SDN's spirit of unity through history
Looking back to the period of 'The Great Depression', we see how a strong sense of unity has led us to overcome similar challenges to those we are facing today.
“Yet in spite of, or rather because of unprecedented difficulties, the past twelve months have proved to be one of the most interesting periods in the history of the Association, for we are in a changing world, and where experience fails to guide, experiment is necessary in working towards a solution.”
This extract from SDN’s 1931 Annual Report sounds eerily familiar at the moment. Australia had entered the Great Depression, and its impact was being felt by SDN. The Report goes on to say:
“The year just closed has been one of adjustment, holding many problems for the Association, and the Executive Committee’s desire to place on record, with thankfulness and pride, their deep sense of gratitude for the understanding and co-operation shown by the branches and circles. It is this spirit of unity that has enabled the Association to meet efficiently the many, and sometimes, unforeseen, demands on the services of the Day Nurseries.”
1931 was, in many ways, a discouraging year for the Sydney Day Nurseries. The far-reaching distress of the Great Depression, an unravelling economy and growing unemployment hit our community hard. The number of children in some centres had steadily decreased in spite of reduced fees and concessions. The centres did their best to reduce the expenses of the nurseries, which sometimes included staff losses. It was a financially taxing time for the organisation. There was an initial steady increase in attendances at the newly opened Newtown Nursery in 1930, but these numbers soon fell, to the disappointment of all.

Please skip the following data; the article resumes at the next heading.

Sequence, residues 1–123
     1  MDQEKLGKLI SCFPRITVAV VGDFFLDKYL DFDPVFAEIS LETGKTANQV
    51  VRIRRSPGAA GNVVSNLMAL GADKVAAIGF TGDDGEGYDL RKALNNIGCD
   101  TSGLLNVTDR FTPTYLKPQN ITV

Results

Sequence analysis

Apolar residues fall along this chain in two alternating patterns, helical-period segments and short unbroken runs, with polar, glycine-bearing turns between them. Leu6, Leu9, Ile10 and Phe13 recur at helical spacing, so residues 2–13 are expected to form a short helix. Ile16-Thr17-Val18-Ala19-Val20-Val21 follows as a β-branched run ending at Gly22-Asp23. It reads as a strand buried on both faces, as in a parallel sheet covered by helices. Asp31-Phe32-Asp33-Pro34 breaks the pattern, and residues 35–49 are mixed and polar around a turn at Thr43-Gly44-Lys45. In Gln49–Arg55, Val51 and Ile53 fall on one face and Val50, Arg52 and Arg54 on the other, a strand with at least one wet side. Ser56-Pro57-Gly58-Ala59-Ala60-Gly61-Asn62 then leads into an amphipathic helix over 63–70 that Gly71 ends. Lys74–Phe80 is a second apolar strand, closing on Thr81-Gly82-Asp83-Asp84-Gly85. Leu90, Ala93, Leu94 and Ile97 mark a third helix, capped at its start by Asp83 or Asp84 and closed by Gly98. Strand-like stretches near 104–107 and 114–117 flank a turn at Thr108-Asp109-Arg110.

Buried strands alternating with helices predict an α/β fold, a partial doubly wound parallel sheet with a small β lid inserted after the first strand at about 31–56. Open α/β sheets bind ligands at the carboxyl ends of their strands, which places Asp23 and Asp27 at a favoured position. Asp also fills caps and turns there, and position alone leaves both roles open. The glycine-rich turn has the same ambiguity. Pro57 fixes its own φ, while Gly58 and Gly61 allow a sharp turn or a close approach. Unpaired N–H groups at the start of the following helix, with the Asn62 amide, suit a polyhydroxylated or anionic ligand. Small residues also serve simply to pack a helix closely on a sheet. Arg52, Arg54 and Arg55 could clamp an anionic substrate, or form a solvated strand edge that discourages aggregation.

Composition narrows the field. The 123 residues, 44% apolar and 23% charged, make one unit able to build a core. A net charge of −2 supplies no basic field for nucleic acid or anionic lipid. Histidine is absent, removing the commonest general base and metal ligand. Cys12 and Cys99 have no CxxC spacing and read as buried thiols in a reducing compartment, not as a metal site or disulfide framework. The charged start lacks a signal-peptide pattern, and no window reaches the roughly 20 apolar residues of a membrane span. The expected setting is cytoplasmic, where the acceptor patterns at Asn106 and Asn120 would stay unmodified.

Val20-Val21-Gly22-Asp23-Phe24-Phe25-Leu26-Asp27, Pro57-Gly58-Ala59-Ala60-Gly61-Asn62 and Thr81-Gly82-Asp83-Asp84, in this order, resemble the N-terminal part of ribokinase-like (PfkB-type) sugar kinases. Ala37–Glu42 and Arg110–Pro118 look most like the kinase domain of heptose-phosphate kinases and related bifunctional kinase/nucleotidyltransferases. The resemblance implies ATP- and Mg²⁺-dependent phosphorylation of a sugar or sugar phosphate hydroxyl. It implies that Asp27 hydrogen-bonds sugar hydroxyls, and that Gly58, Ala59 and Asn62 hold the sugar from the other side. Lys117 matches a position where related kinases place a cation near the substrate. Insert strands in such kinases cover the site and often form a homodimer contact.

the above image is from 1932 Paddington Nursery.
In the 1932 Annual Report we meet Mrs Hamilton, who helped SDN take a visionary step forward:
“The Day Nursery Association had for some time been aware of (the) development of Nursery Schools (by now an extremely vigorous growth in Great Britain, Europe, and America), but felt itself unable to incur fresh expense on account of the financial stringency. At this point Mrs Hamilton, with high qualifications both in graduate and post-graduate school education, offered to organise and conduct in a voluntary capacity, a demonstration nursery school for some hours each morning, during her stay in Sydney. This offer was accepted with great gratitude, and Mrs Hamilton opened the first Nursery School in NSW at the Woolloomooloo Day Nursery in October.”
The Nursery School was for 2 to 5-year-olds and was revolutionary in incorporating an educational component into long daycare provided by qualified teaching staff. It was a pulling together of the previously disparate ‘care’ and ‘education’ elements of childcare. It also meant that SDN had to now take active steps towards training and appointing teachers to work in the Day Nurseries, a tenacious decision, given their financial circumstances.
“The success of her [Mrs Hamilton’s] method was so evident in the improvement and development of the children, that when the end of her visit to Sydney drew near, the committee felt they were amply justified in keeping the school open.” This was the birth of our Nursery School Training College.
We are all facing our own challenges in this current pandemic lockdown – but our staff and educators are also seeing this as an opportunity to experiment and develop programs to incorporate the new online world of learning. Watch this space!
Article by Denise Corrigan, SDN Archives Officer.